With a case of COVID-19, the health department will start to do contact tracing. They will ask for names and information about anyone who has had close contact with the person. Everyone who is a close contact will need to quarantine themselves for 14 days, even with no symptoms. This is why it's important to maintain social distancing and keep social circles small.

    Do I need to do anything if I've been traveling? 
    Massachusetts has issued a COVID-19 Travel Order. If you are traveling somewhere that is not listed by the Department of Public Health as a lower-risk state, you must complete a Massachusetts Travel form and must quarantine for 14 days or have a negative test within 72 hours of returning to the state. Learn more about the travel order.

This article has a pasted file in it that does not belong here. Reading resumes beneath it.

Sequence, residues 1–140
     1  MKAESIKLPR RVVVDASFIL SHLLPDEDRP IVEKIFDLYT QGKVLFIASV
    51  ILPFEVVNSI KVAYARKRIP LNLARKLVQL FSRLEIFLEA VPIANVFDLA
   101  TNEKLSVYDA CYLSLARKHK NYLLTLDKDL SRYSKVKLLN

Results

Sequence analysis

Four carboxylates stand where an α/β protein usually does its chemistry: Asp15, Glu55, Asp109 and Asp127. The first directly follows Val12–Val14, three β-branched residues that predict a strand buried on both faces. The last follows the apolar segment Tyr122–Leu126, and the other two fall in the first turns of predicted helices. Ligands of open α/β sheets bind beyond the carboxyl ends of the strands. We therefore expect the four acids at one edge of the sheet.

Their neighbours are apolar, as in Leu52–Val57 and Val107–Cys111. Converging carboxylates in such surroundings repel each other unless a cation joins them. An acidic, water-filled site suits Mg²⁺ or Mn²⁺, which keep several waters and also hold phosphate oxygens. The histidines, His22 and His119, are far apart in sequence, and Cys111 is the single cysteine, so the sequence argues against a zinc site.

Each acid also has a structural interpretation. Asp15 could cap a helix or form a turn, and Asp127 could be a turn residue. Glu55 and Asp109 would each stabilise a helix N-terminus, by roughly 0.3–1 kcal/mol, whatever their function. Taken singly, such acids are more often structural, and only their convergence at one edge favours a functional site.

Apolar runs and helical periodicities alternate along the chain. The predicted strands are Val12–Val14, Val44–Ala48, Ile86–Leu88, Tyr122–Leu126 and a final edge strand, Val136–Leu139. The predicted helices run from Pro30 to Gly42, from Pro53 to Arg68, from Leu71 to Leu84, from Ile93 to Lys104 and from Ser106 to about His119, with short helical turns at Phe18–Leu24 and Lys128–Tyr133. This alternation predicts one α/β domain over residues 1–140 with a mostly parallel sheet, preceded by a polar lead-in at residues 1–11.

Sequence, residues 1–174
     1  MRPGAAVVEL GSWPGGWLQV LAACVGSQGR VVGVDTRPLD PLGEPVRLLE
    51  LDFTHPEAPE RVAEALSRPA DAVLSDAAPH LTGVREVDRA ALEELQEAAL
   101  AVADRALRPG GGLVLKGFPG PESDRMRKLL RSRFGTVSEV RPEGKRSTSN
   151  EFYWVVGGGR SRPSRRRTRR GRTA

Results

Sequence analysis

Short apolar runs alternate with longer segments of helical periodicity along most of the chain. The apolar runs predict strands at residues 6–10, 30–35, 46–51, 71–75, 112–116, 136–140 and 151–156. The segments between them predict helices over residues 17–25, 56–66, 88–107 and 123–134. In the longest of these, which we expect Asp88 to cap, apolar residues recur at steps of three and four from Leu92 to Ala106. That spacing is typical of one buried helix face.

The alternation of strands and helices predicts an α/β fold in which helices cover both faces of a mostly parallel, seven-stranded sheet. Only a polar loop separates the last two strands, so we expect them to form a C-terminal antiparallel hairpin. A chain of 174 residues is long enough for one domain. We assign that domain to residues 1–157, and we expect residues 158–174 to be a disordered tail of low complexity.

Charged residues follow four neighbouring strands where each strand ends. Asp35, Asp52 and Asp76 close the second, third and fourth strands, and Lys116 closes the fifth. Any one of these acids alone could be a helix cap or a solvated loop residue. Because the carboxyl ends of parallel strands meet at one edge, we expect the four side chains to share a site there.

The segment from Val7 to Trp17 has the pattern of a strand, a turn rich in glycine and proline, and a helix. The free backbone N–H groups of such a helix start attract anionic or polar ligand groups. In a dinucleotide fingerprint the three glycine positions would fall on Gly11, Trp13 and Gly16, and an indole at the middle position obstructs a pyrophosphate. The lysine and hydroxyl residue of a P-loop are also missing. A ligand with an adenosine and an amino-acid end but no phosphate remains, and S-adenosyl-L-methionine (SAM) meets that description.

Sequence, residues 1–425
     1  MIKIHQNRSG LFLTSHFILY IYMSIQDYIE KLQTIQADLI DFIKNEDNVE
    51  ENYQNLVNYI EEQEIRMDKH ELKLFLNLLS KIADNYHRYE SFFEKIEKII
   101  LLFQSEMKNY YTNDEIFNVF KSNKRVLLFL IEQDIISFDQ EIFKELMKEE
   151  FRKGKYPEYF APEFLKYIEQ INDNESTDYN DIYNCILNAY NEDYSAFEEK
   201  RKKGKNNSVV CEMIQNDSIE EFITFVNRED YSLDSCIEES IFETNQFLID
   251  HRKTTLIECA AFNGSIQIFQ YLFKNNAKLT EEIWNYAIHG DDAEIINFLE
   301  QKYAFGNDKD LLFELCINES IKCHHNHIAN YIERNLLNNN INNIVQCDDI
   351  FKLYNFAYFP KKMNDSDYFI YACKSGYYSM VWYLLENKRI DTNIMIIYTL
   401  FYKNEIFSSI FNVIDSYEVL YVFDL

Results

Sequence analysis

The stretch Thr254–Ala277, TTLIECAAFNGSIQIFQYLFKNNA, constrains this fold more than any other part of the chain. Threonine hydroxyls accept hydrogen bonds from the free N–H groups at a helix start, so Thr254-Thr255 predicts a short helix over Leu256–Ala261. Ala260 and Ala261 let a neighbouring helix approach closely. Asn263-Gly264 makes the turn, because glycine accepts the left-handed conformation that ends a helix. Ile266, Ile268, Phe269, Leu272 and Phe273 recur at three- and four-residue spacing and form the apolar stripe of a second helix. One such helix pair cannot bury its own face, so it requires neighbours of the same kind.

What is the difference between isolation and quarantine?
    People are required to isolate (separate yourself) from other people if you have been diagnosed as a confirmed case of COVID-19 or because you had a high-risk exposure and have symptoms. Those in isolation should not leave their home, or have visitors to their home. If there are other people living in the home, contact should be limited and beds, towels, dishes, utensils and other items should not be shared.

    People are required to quarantine (separate yourself) from other people if you have been exposed to the 2019 Novel Coronavirus, and you may make others sick. While in quarantine, do not leave your home or have visitors to your home. To the extent possible, stay six feet away from other people in your home. If possible, do not share beds, towels, dishes, utensils and other items.